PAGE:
Sales Management

Whale Hunters Practice #5: Manage Your Metrics

By October 21, 2009December 29th, 2015No Comments

Whale Hunting involves your deliberate choice of big customers that you want to sell big deals to.  It’s about managing your sales targets in a very disciplined, systematic way.  I’ve written about how to define the categories of traits that are important to you.  The next step is to add measurable numbers, statements, or qualities that will help you separate the best whales from the rest.  You should develop three columns of metrics for each category:  A, B, and C.  The “A” category is the ideal and the “C” category is the lowest metric that would be acceptable if other things about the company and the sale were right.  The “B” category is in between those extremes.

Here are some examples of metrics:


  • company revenue:  In the “A” category, revenue should exceed $100 million in annual sales; in the “C” category
  • deal size:  In the “A” category, the potential deal size would exceed $500k; in the “C” category, deal size would be above $100k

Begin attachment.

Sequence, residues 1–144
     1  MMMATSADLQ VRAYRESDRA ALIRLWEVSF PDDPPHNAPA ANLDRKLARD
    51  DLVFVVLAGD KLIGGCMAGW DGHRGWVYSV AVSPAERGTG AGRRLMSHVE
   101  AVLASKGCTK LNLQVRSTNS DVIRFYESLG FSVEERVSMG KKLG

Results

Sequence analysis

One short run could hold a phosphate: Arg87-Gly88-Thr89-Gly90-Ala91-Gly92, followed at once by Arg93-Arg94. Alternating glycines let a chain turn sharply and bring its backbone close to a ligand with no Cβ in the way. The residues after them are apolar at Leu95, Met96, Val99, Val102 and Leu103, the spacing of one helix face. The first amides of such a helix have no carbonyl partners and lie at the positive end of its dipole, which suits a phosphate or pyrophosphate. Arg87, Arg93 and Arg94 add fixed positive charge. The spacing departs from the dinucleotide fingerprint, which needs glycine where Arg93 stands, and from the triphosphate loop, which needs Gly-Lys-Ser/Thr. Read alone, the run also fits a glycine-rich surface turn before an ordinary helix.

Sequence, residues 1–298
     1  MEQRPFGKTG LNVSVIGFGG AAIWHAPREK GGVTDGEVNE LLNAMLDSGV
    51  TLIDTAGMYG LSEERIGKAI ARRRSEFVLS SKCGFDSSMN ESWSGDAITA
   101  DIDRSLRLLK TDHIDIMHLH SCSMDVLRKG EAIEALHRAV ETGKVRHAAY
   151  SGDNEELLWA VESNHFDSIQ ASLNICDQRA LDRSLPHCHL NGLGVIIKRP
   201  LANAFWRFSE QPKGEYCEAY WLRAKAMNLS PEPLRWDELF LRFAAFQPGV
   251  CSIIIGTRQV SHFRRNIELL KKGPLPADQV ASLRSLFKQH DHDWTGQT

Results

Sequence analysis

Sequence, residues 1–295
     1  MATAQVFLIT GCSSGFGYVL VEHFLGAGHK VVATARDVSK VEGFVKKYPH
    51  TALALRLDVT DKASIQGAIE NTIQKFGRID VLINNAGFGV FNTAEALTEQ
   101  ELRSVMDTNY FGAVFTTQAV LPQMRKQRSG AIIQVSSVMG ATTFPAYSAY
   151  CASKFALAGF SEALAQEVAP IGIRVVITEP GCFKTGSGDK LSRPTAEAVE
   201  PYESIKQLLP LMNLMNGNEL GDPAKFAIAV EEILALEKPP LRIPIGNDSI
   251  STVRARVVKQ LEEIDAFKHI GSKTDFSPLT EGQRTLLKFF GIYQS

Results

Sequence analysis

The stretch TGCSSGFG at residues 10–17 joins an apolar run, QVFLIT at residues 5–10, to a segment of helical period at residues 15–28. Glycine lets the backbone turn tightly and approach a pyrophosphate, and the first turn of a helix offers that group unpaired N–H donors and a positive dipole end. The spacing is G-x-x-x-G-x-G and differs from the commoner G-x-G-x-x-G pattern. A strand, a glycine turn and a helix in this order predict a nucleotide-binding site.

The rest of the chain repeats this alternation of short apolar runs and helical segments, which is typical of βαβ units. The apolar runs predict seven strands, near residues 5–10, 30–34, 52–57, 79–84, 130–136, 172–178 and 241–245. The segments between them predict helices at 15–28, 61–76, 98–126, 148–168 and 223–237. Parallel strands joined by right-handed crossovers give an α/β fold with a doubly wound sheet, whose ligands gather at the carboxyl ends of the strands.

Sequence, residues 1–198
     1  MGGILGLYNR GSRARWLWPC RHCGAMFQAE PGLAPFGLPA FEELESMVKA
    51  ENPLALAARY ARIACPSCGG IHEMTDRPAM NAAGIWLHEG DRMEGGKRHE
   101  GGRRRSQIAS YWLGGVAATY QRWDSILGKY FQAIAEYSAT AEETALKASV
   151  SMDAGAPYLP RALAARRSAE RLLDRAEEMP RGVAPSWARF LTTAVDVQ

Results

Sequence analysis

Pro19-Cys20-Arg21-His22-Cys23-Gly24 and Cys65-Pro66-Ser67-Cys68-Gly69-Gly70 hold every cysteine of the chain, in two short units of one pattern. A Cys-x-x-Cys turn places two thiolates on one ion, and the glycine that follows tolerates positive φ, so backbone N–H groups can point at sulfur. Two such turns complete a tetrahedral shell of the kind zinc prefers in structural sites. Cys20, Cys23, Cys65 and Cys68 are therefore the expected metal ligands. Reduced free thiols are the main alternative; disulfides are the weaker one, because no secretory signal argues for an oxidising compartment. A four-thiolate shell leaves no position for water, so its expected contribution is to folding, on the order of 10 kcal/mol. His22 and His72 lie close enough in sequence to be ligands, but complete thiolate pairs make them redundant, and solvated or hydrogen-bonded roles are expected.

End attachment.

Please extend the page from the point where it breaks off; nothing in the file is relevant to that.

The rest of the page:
• brand recognition:  In the “A” category, the statement is high quality internationally known brand; in the “C” category, the statement is high quality brand not yet well known.
  • growth plan:  In the “A” category, the statement is aggressive growth plan; in the “C” category, the statement is incremental growth plan.


  • fiscal soundness:  In the “A” category the quality is exceptional; in the C category the quality is average.
  • geographic location:  In the “A” category the quality is western U.S.; in the “C” category the quality is international.

Please note that all of the metrics, statements, and qualities will be different for each company and each target filter.   These are YOUR criteria for finding the best sales prospects.

Once you have worked through the metrics with your sales and business development team, you need to test them with past and current customers to be sure they are realistic markers of what is ideal for you.  The discussion–even argument–around metrics is healthy and will lead to new understandings.

The metrics may change over time.  Make them part of your strategic planning process to ensure regular review and updating.

And above all, once you’ve determined metrics–manage to them!  If a prospect or a prospective deal does not meet your criteria, walk away!